National Review’s coverage of King and the movement certainly wasn’t all rosy after the seminal March, either. ln an editorial for National Review published in September 1965, Dr. Will Herberg pinned blame for the Watts riots on Martin Luther King and his associates. According to Herberg, King and other civil rights leaders’ promotion of civil disobedience — though done with “the best intentions” — had nonetheless taught “hundreds of thousands of Negroes…that it is perfectly all right to break the law and defy constitute authority if you are a Negro-with-a-grievance.” From the 1965 editorial, as reproduced in the book, The American Spirit: U.S. History as Seen by Contemporaries, Volume II:
The progressive media watch group Fairness & Accuracy In Reporting has compiled some of Buckley and his magazine’s other lowlights during the civil rights struggle, including:
National Review editors condemned the 1963 bombing of a black Birmingham Church that killed four children, but because it “set back the cause of the white people there so dramatically,” the editors wondered “whether in fact the explosion was the act of a provocateur—of a Communist, or of a crazed Negro” (Chicago Reader, 8/26/05).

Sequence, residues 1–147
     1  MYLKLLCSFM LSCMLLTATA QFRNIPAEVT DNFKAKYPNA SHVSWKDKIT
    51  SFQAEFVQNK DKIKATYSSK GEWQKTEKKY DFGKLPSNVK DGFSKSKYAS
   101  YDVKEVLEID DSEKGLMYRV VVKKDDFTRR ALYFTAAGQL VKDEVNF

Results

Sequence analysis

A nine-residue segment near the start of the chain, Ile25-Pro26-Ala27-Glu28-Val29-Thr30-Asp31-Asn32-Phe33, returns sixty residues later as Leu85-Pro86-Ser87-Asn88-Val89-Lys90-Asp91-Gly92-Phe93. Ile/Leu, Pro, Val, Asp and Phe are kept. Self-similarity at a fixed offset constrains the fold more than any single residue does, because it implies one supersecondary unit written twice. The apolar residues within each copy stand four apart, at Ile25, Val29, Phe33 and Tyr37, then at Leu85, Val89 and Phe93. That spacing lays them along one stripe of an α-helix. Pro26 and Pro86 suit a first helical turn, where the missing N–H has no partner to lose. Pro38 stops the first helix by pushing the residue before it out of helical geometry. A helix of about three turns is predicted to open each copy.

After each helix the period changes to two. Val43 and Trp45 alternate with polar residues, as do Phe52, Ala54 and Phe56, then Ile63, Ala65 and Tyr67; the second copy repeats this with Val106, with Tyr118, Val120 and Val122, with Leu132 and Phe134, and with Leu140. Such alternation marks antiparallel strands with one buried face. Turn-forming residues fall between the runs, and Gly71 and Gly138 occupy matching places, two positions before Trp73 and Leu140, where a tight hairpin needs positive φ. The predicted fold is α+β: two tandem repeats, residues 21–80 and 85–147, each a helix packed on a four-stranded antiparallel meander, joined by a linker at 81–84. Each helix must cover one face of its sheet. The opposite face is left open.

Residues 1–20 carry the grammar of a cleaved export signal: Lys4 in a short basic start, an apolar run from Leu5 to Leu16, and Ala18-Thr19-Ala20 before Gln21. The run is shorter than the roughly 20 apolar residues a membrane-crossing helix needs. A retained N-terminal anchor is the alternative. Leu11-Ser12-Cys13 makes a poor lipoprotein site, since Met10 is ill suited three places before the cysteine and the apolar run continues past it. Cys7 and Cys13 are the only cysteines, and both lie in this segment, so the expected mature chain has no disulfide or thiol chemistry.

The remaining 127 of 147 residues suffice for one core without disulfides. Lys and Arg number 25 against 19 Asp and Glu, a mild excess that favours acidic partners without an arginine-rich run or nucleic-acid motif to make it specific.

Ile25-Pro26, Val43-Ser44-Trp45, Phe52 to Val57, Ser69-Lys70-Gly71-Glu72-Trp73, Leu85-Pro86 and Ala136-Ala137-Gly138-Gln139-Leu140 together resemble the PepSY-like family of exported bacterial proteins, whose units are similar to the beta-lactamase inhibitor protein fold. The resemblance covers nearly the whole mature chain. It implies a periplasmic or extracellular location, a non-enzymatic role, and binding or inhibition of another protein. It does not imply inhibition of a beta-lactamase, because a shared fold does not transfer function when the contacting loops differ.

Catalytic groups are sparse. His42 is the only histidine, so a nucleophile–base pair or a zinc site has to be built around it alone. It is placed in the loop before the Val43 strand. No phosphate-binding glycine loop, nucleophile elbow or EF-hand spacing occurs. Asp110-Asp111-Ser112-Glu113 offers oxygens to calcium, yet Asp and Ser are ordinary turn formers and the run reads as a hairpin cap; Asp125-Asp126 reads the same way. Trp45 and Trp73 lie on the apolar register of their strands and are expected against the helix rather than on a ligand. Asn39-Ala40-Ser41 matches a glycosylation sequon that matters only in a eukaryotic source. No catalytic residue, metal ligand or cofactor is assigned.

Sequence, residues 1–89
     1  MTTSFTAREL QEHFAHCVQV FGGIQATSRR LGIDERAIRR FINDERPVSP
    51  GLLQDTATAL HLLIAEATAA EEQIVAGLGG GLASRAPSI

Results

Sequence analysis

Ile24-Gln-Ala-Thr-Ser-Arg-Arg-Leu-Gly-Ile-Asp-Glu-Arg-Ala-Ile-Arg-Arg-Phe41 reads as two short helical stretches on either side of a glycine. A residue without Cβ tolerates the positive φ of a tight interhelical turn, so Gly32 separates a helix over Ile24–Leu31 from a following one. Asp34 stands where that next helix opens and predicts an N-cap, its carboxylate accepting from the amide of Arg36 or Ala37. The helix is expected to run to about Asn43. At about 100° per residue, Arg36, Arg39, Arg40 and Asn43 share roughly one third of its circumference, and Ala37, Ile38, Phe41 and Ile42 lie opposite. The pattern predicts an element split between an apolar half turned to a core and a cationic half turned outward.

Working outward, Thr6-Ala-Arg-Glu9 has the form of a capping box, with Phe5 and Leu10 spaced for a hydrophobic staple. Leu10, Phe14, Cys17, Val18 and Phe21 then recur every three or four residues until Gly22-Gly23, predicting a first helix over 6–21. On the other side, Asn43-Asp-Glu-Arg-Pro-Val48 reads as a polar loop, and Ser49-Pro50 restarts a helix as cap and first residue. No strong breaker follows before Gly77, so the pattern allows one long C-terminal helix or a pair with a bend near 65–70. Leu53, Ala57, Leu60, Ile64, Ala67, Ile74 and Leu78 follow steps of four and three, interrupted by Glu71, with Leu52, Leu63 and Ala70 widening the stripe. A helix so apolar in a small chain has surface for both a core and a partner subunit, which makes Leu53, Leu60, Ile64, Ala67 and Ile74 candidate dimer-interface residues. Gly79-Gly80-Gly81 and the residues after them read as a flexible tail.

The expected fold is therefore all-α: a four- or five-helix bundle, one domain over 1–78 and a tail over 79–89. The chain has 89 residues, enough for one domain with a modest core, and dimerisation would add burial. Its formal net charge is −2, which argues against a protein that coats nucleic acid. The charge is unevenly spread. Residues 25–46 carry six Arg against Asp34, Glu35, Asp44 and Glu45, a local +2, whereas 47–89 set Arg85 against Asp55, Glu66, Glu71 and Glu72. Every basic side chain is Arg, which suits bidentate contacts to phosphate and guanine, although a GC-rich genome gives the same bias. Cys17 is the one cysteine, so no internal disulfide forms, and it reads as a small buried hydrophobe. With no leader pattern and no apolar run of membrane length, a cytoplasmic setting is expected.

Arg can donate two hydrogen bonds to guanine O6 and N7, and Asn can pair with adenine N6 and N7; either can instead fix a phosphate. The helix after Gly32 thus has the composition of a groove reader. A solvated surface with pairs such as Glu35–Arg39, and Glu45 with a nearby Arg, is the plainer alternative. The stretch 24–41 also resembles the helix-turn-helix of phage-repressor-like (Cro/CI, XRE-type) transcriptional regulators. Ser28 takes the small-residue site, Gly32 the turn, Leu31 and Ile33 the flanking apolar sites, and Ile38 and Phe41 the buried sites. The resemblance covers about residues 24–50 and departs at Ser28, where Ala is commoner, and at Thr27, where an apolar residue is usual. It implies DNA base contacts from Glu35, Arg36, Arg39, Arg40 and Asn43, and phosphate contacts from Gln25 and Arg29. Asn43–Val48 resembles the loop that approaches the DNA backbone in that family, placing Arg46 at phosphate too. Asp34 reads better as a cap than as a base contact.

Just months before the 1965 Voting Rights Act was passed, Buckley warned in his syndicated column (2/18/65) that “chaos” and “mobocratic rule” might follow if “the entire Negro population in the South were suddenly given the vote.” In his 1969 column “On Negro Inferiority” (4/8/69), Buckley heralded as “massive” and “apparently authoritative” academic racist Arthur Jensen’s findings that blacks are less intelligent than whites and Asians.
Read More: mediamatters.org
You probably wouldn’t have expected this from National Review, but Betsy Woodruff delivers a dissection of Alex Jones worth of NR founder William F. Buckley:
Infowars is a misnomer. At its core, 9/11-truther Alex Jones’s infamous website is not about “info.” It’s about faith. Jones shows less interest in marshaling information to convince people of his various conspiracy theories than in preaching a theology. He’s not your everyday screed-monger. Rather, he’s an evangelist, and he’s looking for converts, and, judging by the size of his audience, he’s pretty good at making them.